No one bothered to deny that the UE’s occupation of Republic’s plant was unlawful. Though federal labor law gives unions and workers many rights, the right to seize an employer’s premises is not among them. (As a former professor of law, Obama might have taken care to express a wish that both sides in the dispute act legally, but—as some on the union side observed with pleasure—he said no such thing.) At any rate, the banks’ speedy capitulation ensured that no legal consequences would bedevil the workers or the union, whose muscle had just delivered the better part of $2 million to its constituents in less than a week. The message, in short, is that lawbreaking can pay handsomely.

As many in the press recognized, the Republic affair presented a novel twist on the typical labor/management showdown: here, the workers levied their demands not against the plant’s owners but against what conventionally would be regarded as third-party bystanders—Bank of America as outside lender, and Chase as a minority stockholder, since it owned 40 percent of the window company. Current labor law makes it abundantly clear that neither lenders nor minority investors are ordinarily responsible for paying the wage bills of a failing business. But the union drew on public anger over the financial bailouts, which had taken the form of (forced) federal investment in the two banks (both relatively healthy). Wasn’t the point of the federal plan to lift banks up so that they could go back to making loans? Then it stood to reason that the banks should extend loans for the purpose of enabling the Republic owners to pay a decent severance. It wasn’t hard to spot the flaw in that logic: whatever bipartisan advocates of the federal bank-rescue plan may have wanted, they certainly hadn’t proposed that banks begin throwing money randomly at borrowers with poor prospects for repayment. Indeed, in today’s continuing credit crunch, all sorts of businesses can’t find loans, though they have sound balance sheets and can make robust showings of likely repayment. Should Bank of America really have allocated money to the failing Republic concern at the expense of other employers with more promising futures?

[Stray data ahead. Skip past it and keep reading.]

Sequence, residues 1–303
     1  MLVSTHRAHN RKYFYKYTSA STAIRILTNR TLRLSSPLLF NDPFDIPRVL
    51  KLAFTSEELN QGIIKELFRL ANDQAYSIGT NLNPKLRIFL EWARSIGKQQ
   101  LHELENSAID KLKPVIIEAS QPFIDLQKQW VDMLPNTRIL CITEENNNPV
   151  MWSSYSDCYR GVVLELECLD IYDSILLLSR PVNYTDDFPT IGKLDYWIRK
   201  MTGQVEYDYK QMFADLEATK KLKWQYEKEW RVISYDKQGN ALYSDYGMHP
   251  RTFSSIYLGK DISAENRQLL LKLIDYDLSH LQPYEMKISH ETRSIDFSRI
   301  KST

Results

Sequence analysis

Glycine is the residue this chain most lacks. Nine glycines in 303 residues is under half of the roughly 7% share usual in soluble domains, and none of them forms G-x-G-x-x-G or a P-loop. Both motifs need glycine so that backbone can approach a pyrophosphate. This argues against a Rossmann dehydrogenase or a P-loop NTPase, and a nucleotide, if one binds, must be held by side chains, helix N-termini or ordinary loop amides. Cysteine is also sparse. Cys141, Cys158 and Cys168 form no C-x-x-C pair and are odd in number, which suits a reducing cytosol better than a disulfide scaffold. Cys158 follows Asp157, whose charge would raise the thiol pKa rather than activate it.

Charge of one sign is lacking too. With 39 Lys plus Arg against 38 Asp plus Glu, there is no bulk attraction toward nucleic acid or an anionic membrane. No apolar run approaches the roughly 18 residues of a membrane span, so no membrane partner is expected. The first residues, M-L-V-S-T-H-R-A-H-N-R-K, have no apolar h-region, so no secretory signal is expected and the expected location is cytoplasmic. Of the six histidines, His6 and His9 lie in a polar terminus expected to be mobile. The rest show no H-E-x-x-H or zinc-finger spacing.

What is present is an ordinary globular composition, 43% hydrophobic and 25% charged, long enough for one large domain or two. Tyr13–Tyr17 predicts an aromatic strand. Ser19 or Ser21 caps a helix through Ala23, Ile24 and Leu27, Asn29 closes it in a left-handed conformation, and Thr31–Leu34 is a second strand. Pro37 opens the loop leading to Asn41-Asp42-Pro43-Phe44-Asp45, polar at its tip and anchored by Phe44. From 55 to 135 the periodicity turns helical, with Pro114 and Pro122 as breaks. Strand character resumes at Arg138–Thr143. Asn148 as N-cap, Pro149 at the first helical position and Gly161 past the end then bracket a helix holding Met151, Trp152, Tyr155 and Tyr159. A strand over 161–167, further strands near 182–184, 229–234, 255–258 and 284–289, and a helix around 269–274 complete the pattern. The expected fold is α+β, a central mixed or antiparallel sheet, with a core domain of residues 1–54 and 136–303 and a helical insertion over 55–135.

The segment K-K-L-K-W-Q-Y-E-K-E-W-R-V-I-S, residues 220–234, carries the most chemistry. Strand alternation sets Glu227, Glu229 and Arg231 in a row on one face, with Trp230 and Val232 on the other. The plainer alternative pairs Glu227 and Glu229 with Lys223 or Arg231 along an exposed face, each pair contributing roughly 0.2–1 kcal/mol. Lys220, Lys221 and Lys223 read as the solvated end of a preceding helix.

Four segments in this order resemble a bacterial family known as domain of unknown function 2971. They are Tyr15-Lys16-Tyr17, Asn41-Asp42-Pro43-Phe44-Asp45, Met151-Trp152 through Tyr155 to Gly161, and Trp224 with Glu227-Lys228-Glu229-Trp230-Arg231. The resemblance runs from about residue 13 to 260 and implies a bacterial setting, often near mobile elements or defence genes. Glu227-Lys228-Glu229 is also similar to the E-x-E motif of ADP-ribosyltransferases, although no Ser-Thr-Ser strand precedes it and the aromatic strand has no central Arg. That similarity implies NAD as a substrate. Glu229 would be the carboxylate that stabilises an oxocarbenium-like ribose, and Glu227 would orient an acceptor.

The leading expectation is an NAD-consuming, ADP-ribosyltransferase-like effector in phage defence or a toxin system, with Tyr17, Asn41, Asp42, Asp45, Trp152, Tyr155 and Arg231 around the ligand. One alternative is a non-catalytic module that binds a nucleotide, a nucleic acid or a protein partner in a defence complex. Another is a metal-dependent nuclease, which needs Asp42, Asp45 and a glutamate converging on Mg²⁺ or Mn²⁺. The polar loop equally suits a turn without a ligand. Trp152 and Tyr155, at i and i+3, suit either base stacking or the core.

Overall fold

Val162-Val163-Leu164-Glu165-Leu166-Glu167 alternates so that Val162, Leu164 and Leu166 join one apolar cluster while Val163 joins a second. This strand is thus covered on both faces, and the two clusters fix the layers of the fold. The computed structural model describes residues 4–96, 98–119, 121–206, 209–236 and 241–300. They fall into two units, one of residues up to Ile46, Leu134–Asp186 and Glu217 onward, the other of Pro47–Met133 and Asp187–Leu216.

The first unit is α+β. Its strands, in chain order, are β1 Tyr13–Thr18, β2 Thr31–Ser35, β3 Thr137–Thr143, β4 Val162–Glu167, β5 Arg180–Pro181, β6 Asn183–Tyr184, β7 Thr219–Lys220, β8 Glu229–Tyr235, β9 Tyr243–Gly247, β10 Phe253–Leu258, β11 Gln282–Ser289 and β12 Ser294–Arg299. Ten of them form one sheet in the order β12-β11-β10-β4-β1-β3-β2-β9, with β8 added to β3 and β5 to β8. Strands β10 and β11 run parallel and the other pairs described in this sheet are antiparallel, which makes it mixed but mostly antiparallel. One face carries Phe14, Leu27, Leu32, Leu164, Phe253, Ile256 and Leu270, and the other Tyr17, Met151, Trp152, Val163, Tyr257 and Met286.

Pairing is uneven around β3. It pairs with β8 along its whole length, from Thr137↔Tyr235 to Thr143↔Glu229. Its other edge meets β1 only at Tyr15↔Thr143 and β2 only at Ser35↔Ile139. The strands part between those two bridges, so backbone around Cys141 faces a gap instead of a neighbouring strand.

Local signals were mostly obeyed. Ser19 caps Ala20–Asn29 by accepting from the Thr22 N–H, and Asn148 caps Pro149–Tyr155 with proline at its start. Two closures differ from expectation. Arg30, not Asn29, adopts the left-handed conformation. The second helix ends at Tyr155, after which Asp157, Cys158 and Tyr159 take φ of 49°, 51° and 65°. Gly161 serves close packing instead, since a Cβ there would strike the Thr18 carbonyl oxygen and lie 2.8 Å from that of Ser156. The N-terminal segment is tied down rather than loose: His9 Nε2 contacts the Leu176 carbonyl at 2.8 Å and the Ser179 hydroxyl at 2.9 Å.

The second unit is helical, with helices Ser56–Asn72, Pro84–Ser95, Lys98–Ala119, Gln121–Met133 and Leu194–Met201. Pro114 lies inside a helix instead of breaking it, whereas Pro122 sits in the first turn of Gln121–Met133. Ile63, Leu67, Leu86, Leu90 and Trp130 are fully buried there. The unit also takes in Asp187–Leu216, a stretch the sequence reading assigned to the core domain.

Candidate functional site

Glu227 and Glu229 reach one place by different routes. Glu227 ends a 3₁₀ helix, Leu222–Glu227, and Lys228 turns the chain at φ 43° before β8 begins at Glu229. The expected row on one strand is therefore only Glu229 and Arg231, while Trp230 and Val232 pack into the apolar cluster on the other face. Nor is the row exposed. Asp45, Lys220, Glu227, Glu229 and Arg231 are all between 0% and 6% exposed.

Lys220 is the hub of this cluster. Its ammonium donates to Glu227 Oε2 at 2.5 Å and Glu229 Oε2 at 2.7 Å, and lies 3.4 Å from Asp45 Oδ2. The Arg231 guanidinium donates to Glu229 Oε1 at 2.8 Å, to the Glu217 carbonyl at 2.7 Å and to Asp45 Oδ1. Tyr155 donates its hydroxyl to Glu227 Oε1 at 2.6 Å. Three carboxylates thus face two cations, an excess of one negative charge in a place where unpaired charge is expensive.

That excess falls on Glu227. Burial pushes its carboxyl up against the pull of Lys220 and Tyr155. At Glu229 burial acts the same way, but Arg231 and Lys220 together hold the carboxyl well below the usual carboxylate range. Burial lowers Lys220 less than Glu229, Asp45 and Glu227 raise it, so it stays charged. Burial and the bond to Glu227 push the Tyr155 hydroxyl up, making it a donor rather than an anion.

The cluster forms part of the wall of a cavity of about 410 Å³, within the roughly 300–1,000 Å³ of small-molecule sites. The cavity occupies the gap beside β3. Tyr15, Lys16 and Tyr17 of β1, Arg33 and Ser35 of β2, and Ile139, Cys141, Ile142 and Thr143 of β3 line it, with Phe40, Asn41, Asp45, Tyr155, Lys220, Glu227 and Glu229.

Press accounts often failed to correct the widespread misimpression that Republic had shut down and left its workers “unpaid.” The law has long been appropriately severe on companies that try to skip town without handing workers their final paychecks, but the Republic dispute was more complicated. The union’s main contention was that the company owed money under the Worker Adjustment and Retraining Notification (WARN) Act, a federal law passed in 1998 that requires many businesses to offer a severance payment if they have not given either 60 days’ notice of a plant closing or, in certain circumstances, such shorter notice as may be reasonable.

Though some labor advocates might wish that the WARN law created a broad entitlement to severance following abrupt plant closings, the law in fact doesn’t work that way. Faced with tough opposition from business, lawmakers inserted into the WARN Act a major exception: plants wouldn’t owe automatic severance if their closure resulted from “unforeseeable business circumstances.” The courts have confirmed that this clause exempts many (though by no means all) plant closings from the law’s reach.